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Deiss, Muller, Thuringer win CNN Journalist Award for coverage of neo-Nazi murders

updated 5:14 AM EDT, Wed April 10, 2013
(L-R) Anne-Kathrin Thuringer, Matthias Deiss and Eva Muller pose with their award after scooping both the TV category and CNN Journalists of the Year.
(L-R) Anne-Kathrin Thuringer, Matthias Deiss and Eva Muller pose with their award after scooping both the TV category and CNN Journalists of the Year.
STORY HIGHLIGHTS
  • Deiss, Muller, Thuringer win CNN Journalist Award
  • Story looks at search for answers following series of murders by neo-Nazis in Germany
  • CNN host German journalism awards in Munich Thursday night

Munich, Germany (CNN) -- A documentary about the murder victims of a German neo-Nazi terror cell has scooped the top prize at this year's CNN Journalist Awards ceremony in Munich.

"Eight Turks, One Greek and a Policewoman" -- by Matthias Deiss, Eva Muller and Anne-Kathrin Thuringer -- won both the CNN Journalists of the Year award and TV category Thursday night. The awards are open to young German journalists.

The report, which aired on German television, tells of the search for answers following the "Doener Murder Series" -- a string of fatal attacks across Germany which took place between 2000 and 2007, leaving 10 people dead. The killings were committed by suspected members of the National Socialist Underground. The journalists' search for the victims' families led them to discover an alleged murder target who is still alive.

Full coverage of the CNN Journalists of the Year award (German)

Judges and winners  Judges and winners
Judges and winnersJudges and winners

Jurors commended the recipients for their well-researched, investigative journalism. "The journalists showed persistence to stay on an explosive topic, putting it into a new perspective in the focus of attention," said Franz Fischlin, head of the awards panel.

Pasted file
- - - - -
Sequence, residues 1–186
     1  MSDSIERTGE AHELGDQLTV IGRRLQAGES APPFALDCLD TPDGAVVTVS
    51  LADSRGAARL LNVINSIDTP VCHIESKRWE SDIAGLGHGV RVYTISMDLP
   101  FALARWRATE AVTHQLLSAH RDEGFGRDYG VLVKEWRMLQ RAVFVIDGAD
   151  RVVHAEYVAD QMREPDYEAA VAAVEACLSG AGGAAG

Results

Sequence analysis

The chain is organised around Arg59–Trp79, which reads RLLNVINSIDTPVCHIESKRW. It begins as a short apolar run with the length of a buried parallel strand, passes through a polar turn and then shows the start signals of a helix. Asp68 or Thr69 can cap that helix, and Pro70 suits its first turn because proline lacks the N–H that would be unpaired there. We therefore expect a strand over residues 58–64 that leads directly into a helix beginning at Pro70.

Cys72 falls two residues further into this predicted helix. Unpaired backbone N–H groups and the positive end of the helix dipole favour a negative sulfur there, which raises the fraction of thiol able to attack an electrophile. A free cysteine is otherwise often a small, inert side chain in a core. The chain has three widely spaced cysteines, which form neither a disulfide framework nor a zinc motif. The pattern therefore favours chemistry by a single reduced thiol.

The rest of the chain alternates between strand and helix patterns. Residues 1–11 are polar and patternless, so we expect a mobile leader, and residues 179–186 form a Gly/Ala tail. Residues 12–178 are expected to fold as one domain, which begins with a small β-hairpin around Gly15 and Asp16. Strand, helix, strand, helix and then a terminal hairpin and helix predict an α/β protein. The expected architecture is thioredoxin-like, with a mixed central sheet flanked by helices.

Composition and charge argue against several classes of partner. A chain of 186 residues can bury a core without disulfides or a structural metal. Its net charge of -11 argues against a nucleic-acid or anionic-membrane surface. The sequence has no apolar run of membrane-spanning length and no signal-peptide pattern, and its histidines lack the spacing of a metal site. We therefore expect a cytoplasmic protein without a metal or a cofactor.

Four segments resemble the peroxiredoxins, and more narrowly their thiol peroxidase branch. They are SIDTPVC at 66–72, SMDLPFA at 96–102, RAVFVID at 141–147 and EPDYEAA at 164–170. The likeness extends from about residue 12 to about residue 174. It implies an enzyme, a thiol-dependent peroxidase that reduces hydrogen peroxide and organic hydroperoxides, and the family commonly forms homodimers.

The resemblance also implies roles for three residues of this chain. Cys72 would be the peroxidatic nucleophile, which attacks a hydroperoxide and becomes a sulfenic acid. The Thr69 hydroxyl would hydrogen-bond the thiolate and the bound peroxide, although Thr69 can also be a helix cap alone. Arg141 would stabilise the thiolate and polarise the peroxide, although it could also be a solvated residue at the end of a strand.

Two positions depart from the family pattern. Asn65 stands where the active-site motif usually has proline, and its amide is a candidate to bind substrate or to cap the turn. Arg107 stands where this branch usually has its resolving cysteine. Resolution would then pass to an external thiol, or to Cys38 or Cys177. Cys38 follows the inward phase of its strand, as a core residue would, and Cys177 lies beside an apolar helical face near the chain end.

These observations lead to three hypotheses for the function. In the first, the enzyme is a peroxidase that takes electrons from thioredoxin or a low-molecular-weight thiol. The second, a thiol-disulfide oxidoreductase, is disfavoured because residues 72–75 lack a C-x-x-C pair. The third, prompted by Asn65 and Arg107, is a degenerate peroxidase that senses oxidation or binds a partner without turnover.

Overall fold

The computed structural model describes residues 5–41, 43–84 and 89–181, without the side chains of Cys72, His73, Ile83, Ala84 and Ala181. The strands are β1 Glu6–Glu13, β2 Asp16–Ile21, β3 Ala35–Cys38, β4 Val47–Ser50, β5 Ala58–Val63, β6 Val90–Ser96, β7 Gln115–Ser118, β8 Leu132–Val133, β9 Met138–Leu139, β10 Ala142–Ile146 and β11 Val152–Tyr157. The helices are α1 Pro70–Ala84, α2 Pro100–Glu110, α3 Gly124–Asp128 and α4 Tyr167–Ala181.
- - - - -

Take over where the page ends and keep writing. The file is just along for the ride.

Watch video of the CNN Journalists of the Year award

Print category honors went to Takis Wurger of Der Spiegel, who accompanied a unit of German marksmen in Afghanistan. The piece told the story of Christian Sommerkorn, a soldier who is waiting to kill someone for the first time in his life.

Sabine Rossi's "Call From Damascus," in which a young father in the Syrian capital regularly discusses the Syria unrest via telephone, won the best Radio category. Jurors praised Rossi's ability to provide the WDR Funkhaus Europa listeners with "a direct insight into the life and fate of a family."

Also recognized were Salome and Lukas Augustin, who won the Online category, for their video piece "Afghanistan -- Touch down in flight." Their film posed the question to viewers: What do we have in common with the people in Afghanistan? It displayed vivid footage of everyday life in the country without the use of words, text or links and was first published on iPad app Suddeutsche Zeitung Magazin before it went viral on the Internet.

Originally published in Liga -- the magazine for the Austrian League of Human Rights -- Fabian Weiss' portraits of "Lesbian Women in China -- A life bordering on life" focused on the women at the LaLa Shalongs in Beijing, a meeting place for lesbians. Judges awarded Weiss top accolade in the photographic category and said his work was "poetic, expressive and very authentic."

Tony Maddox, Executive Vice President of CNN International, said: "These young journalists and press photographers who are nominated for the eighth CNN Journalist Award have had the courage to cover difficult topics in a distinctive way. They give a face to stories which would not have been brought to the focus of society without their attention and their relentless journalistic curiosity."

"Underpinning the sheer courage of this year's reporting on controversial sometimes inconvenient issues that more often evade the spotlight is an intense regard for detailed research. The importance of this quality can be overlooked but is an integral facet to quality journalism."

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